- Yankeedom – Founded to create a Puritanical fundamentalist Utopia, with government-mandated education, justice, God-given rights for all humans (unless you were a witch). They hated the English aristocracy and were sympathetic to Cromwell and the Parliamentarians. Famous citizens: John Adams, Samuel Adams.
- New Netherlands – Founded to make money from fur trade and shipping. A cosmopolitan meeting place of various cultures and merchants from the beginning. They were mostly Dutch, and didn’t care about English politics or slavery, per se, as long as they could keep trading with few restrictions.
- The Midlands – Founded by William Penn to be a tolerant Quaker religious society isolated from the rest of the world. Midlanders were peacemakers, wanted freedom to practice religions, wanted to be left alone, and didn’t want to get involved politically. They saw the slavery of the Deep South as an abomination. But they also loathed the religious theocracy of the Yankees. Famous citizens: Benjamin Franklin.
- Tidewater – Founded to be a society of English gentry in the New World. Think Downton Abbey in Virginia. Wealthy English nobles hoped to create English estates in Americas. They encouraged indentured servitude to get their servants. When this got unpopular and untenable, they needed another source of support staff. Thus, they considered slavery an unfortunate necessity. Some thought it should be phased out eventually. Thought they should be considered equals to English aristocracy, and when they weren’t, they got restless. Famous citizens: George Washington, Thomas Jefferson.
- Deep South – Founded to make money for English traders from Barbados, where land and resources were taken by violence and cruel slavery. They wanted more land, so they came to Charleston and set up shop growing cotton. All of this society existed for the benefit of the wealthy few on the back of slavery. Slaves were property and to be “used” to full capability (that is, worked to death). Aligned with English wealth, monarchy and empire.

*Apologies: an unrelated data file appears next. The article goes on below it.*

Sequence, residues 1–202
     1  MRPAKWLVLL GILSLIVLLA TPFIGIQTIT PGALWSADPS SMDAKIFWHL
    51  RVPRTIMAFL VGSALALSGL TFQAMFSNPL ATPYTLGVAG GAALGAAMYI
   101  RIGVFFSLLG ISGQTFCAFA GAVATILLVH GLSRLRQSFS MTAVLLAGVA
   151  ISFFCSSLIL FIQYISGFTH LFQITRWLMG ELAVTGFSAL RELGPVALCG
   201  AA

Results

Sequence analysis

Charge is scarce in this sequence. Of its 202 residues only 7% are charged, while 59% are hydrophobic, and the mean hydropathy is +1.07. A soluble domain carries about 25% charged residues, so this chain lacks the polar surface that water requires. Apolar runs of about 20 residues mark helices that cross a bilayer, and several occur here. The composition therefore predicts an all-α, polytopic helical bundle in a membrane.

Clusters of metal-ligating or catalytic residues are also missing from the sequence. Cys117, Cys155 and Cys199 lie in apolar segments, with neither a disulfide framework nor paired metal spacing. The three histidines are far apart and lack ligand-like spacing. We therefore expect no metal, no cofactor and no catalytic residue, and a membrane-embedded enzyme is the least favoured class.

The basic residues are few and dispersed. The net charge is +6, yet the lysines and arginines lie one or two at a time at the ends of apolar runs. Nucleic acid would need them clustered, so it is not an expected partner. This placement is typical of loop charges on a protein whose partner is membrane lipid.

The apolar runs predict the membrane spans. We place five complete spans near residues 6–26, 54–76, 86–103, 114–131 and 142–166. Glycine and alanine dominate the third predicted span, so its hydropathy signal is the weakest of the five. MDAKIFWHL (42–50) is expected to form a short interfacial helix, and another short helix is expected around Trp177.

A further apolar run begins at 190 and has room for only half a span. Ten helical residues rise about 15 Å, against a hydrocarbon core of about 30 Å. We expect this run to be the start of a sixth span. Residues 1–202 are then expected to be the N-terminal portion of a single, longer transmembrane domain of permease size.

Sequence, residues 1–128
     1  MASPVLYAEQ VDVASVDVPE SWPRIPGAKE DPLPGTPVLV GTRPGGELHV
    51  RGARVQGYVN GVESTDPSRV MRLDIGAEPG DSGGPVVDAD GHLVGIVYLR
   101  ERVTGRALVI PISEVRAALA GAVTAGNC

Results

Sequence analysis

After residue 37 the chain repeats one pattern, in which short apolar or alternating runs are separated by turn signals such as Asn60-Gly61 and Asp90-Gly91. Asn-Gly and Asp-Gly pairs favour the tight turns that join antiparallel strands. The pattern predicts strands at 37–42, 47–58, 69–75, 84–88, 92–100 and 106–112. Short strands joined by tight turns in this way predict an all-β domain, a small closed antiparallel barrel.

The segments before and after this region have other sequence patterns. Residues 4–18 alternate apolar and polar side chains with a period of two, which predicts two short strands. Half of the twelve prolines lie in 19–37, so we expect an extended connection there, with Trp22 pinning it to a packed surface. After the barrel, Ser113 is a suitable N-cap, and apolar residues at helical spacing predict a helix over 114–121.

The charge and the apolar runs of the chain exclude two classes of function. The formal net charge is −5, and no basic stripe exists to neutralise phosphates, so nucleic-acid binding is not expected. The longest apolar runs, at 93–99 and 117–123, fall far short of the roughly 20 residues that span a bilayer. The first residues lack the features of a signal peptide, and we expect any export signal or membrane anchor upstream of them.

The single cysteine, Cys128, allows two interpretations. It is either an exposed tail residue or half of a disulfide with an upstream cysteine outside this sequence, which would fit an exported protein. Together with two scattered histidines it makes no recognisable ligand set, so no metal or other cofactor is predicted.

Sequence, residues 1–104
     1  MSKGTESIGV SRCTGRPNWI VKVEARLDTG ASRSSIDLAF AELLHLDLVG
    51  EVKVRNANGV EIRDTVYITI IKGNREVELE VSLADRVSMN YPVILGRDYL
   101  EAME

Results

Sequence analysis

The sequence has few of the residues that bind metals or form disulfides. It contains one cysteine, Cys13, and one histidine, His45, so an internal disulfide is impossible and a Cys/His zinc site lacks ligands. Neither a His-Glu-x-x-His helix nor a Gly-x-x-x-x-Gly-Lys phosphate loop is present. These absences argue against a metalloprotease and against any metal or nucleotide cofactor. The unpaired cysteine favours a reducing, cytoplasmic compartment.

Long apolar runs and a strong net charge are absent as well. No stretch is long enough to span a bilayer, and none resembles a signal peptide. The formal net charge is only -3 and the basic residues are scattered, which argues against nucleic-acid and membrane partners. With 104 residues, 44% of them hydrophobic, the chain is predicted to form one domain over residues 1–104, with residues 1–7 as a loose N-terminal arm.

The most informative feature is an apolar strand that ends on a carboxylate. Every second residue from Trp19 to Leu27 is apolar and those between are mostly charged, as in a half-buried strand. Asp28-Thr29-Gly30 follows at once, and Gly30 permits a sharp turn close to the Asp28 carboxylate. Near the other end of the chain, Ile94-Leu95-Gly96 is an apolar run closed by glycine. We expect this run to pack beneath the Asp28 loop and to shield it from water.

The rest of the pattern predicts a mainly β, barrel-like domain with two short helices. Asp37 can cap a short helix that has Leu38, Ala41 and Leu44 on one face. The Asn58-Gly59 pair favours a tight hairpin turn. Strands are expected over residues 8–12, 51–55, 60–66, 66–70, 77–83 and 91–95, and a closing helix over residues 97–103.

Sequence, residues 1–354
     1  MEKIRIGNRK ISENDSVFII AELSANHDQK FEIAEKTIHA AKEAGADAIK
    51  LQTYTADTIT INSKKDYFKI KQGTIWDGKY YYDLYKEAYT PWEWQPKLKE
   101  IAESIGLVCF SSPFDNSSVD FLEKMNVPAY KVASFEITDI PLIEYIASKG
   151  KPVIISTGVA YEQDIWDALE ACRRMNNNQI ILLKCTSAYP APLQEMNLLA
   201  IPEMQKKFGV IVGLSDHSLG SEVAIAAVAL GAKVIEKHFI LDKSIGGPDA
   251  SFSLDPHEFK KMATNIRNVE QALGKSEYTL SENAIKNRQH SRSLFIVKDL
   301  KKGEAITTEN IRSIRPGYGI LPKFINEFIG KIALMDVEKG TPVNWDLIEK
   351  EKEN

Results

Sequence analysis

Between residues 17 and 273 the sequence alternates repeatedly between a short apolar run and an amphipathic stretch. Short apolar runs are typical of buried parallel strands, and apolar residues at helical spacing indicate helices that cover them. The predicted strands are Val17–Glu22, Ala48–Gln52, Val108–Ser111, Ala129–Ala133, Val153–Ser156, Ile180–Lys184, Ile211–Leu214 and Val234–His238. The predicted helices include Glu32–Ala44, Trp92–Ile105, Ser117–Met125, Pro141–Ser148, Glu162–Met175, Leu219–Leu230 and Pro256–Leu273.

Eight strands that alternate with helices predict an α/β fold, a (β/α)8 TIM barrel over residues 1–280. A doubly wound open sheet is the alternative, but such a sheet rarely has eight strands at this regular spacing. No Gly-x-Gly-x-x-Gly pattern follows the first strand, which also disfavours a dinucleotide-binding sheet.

- Greater Appalachia – Founded to be contrarian, apparently. Lowland peoples from Scotland and Ireland came to these areas to escape English domination. They were mostly poor, so they got the “undesirable” lands in the Appalachians. They hated the English aristocracy, to levels of paranoia, plus they hated whoever were their neighbors in America (Yankees, Midlands, Tidewater, Deep South), because of delusions that everyone was aligned against them. Mostly herders and ranchers, they became America’s frontier society, and were violent and honor-driven. They valued individual liberty more than almost anything. Famous citizens: Daniel Boone, Andrew Jackson.
- The Left Coast – Founded to be what Yankeedom never was. Yankees who moved out West wanted to preserve natural beauty, and they inherited New England’s utopian planning and emphasis on education. Their distance from the rest of the country left them a bit out of touch, but their ingenuity was second to none.